The PimstersTM and, of course, Bob, greatly enjoyed visits from other members of the wider KDE Community: Plasma guru Chani Armitage, KDE Women activist Camila Ayres, openSUSE community dude and KDE Promo legend Jos Poortvliet and, really needing no elaborate introduction, Jos and Camila's dog Popcorn, currently being trained to herd developers.

Dot Categories: 


by Max Blank (not verified)

As much as I love KMail I sometimes really miss the times when I used Opera email client and its dynamic filters. I never had to create mailing list filters, Opera did that for me based on message headers, I hope to see such intelligence in KDE PIM one day.

This is technically possible now with Nepomuk, as long as Nepomuk integration works painlessly. Please file a wish item for it at bugs.kde.org (severity = wishlist). Just mentioning the idea on the Dot will not make anything happen.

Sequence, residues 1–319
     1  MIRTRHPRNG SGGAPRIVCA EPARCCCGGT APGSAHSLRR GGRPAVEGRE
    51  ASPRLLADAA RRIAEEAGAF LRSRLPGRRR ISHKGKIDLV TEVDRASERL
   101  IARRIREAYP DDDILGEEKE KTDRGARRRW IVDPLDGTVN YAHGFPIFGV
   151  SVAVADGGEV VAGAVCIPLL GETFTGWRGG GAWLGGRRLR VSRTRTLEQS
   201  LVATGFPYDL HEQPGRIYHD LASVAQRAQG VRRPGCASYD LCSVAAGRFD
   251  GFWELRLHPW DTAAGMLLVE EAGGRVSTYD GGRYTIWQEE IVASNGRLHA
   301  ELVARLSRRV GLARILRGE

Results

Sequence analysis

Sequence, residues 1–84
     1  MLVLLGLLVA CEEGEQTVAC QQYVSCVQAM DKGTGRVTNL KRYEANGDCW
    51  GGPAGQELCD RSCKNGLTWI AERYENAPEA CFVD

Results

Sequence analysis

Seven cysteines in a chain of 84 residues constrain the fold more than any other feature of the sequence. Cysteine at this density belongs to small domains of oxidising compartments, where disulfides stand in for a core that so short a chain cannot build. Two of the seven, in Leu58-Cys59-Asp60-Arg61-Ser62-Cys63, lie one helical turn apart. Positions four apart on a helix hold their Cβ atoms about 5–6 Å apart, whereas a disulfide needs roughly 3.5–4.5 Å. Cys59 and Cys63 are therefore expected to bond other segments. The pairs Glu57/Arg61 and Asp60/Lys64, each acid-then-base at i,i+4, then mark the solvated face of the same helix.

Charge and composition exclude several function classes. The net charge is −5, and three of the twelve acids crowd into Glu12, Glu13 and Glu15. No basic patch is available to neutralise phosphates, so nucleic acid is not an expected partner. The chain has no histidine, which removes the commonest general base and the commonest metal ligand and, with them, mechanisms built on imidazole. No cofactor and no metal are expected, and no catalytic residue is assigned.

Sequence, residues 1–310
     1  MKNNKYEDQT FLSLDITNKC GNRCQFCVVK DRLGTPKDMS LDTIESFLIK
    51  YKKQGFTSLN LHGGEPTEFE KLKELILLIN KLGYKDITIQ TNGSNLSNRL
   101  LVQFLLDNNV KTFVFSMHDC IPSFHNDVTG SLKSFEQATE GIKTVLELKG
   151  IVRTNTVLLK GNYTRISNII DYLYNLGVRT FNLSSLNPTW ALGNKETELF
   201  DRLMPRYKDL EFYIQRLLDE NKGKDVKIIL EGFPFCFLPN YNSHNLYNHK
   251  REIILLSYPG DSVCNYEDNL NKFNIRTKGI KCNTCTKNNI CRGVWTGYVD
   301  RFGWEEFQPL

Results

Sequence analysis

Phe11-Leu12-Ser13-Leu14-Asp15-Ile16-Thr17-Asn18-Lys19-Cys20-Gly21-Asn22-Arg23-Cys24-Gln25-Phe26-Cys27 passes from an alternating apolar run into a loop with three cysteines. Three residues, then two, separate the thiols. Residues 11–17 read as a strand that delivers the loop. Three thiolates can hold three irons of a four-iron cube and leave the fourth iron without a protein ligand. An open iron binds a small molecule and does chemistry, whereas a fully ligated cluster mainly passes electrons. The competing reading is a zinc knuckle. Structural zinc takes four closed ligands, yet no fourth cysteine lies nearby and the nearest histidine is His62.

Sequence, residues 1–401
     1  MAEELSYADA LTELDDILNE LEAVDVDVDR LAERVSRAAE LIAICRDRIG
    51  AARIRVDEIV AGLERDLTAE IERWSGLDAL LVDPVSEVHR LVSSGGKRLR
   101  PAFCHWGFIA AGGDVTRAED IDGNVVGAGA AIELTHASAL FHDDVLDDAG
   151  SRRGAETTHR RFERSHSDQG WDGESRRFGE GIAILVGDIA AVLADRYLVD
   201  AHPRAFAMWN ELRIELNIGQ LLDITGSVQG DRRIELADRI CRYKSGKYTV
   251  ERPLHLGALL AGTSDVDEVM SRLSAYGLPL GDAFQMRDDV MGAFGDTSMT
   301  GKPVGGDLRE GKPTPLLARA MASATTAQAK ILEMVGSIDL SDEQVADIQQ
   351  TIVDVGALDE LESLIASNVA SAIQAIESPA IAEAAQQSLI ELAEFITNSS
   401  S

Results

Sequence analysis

Here's a nice summary of some of the fixes done at the sprint: http://community.kde.org/KDE_PIM/Meetings/PIM_October_2012_meeting#Meeti...

by Dieter Jurzitza (not verified)

How about moving mbox mail from /var/spool/mail to Inbox automatically? Is there any news about bug 286793?

This feature used to be available in KMail. It should work like POP and IMAP.

There is no such thing as "work like POP and IMAP" because those two types of server access are so different.

With POP3 messages are fetched from the server, stored locally and then usually deleted from the server.
With IMAP messages stay on the server and are only fetched when needed (being accessed or being cached).

The mbox feature currently works like IMAP, the wish item report would like it to behave like POP3.